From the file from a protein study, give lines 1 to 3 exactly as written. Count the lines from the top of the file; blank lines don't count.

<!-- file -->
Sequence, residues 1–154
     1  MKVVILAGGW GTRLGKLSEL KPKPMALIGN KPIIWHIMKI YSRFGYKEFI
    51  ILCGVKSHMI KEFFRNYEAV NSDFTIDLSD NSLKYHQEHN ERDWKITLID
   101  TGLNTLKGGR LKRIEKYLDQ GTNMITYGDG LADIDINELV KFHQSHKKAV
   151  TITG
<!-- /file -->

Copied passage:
Sequence, residues 1–154
     1  MKVVILAGGW GTRLGKLSEL KPKPMALIGN KPIIWHIMKI YSRFGYKEFI
    51  ILCGVKSHMI KEFFRNYEAV NSDFTIDLSD NSLKYHQEHN ERDWKITLID